Though “Weekly Shonen Jump” is delayed this week, Shueisha’s monthly publications such as “Ultra Jump” and “V Jump” are forging ahead strong. Arguably, the most notable series to come out of the former every month is “JoJo’s Bizarre Adventure: Jojolion.”
On that note, “Jojolion” chapter 96 has just released, both answering questions readers have been having for months, and deepening those mysteries further still.
Starting out on the cover page, we see a frog’s eye view of Josuke with his body turning away from the camera, staring off at multiple images of the head doctor with his back turned, floating in the sky. Josuke is activating his Stand ability from his pointer finger, ready to strike, yet, in the background, there’s nothing but blue skies and a peaceful Morioh neighborhood.
This cover screams a sense of foreboding yet juxtaposes it alongside what the reader would relate to something peaceful. Furthermore, the multiple images of the doctor with his back turned, nearly surrounding Josuke, represents the terror the doctor’s Stand ability imposes. While all seems peaceful, the doctor’s ability is looming, and there’s nothing you can do to stop the calamity.
To me, the meaning of the cover page only becomes clear after reading this chapter, and with all the subtle hints that riddle the coming panels, I’d recommend giving this chapter two reads.
Moving into the content, Araki shifts gears from what we’ve been following in the last few chapters and brings us back to Mamezuku Rai, the “Jo-bro” of “Jojolion.” Last we saw him, he’d sheltered Josuke so that they could enact their plan to get closer to the head doctor, but this time we see the fallout of that. Araki does a fantastic job here of presenting the intelligence that goes into these Stand battles, and furthermore expertly lays out for the reader the difficulty of battling against the head doctor’s stand.
There hasn’t been a single final villain in all of “JoJo” whose had a long range type Stand ability, though these are the ones that tend to have the most bizarre abilities of all (if you don’t believe me, go check out “Bohemian Rhapsody” from “Stone Ocean”).
Some readers may find this to be a disappointment, as we aren’t going to get a huge brawl as we have in the past, but the process of solving how to fight against such a powerful, tricky Stand, is half the fun of “JoJo.”
I think having such a cerebral type of Stand battle fits this part of the series perfectly. Memezuku’s scene in the first part of the chapter highlights that in an amazing way, and it even ties into what comes next.
The chapter proceeds into checking back in on Yasuho and the Higashikata family, but doesn’t spend as long on them as it did in the previous chapters.
Firstly, Araki starts sprinkling in more hints that lead the reader to question what they previously thought about the main villain, even after getting more explanation from Mamezuku’s analysis. So, right after getting some questions answered, Araki still finds a way to deepen the mystery further.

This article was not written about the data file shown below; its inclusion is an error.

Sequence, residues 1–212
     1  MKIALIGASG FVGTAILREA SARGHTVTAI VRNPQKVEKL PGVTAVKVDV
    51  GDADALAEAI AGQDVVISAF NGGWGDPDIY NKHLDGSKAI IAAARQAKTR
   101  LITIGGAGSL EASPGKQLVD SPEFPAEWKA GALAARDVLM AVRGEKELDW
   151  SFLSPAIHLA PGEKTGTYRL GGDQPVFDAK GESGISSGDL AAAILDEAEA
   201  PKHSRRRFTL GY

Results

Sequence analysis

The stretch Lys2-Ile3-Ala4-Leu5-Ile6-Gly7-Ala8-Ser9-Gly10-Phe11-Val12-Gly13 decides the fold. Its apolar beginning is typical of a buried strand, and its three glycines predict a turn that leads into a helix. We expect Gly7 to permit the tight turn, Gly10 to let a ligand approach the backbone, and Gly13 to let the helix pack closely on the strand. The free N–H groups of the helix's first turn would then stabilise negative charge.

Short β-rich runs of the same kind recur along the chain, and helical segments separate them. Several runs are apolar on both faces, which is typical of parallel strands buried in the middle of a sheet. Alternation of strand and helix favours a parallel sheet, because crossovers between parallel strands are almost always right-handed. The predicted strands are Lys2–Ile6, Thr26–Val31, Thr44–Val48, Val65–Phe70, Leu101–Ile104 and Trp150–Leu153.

On top of that, he’s input a lot of weird interactions with a character named Tooru, and this chapter isn’t free of that. Araki is leading the reader to heavily question Tooru, his words, and his motives, and I’ve never been so suspicious of him as I am now. Specifically, Araki’s use of dialogue this chapter is frighteningly intentional, and is the main source of the mysteries.
And finally, there’s the Higashikata scene that plays off what the previous two built. While I’ve been getting a little tired of the chaos in the Higashikata house, this chapter made me feel like everything that’s happened there is worth it.
Joubin is the definition of a character with gray morality, and to see his perspective on the events as they unfold takes the reader to a place they haven’t seen in JoJo before. Most the time we see the villains as generally evil, though perhaps there is some wiggle room for debate — maybe. “Steel Ball Run” changed that a little bit, but I think everyone would still agree Funny Valentine was an evil guy.
Yet, in “Jojolion” the motives of the villains, being Joubin and the head doctor from the reader’s perspective, are gray, and in the case of the latter unclear. With this part of the series falling into the mystery genre, mirroring part 4, I can’t say there’s been a “JoJo” part that has executed its portrayal of the villains so well in terms of character.
Joubin views the protagonist as an enemy to his family, and will protect his family at all costs, even if he must kill his own father. So, while he does evil things, the way Araki continues to portray Joubin causes the reader to still sympathize with him based on his motive. That seems to be the point of the tail end of the chapter.
This chapter makes the reader analyze every single line of dialogue and then go back to reread what happened. If the cover page is only truly understandable after a first read through, the story’s content needs even more digging to fully understand just how many layers of complexity there are.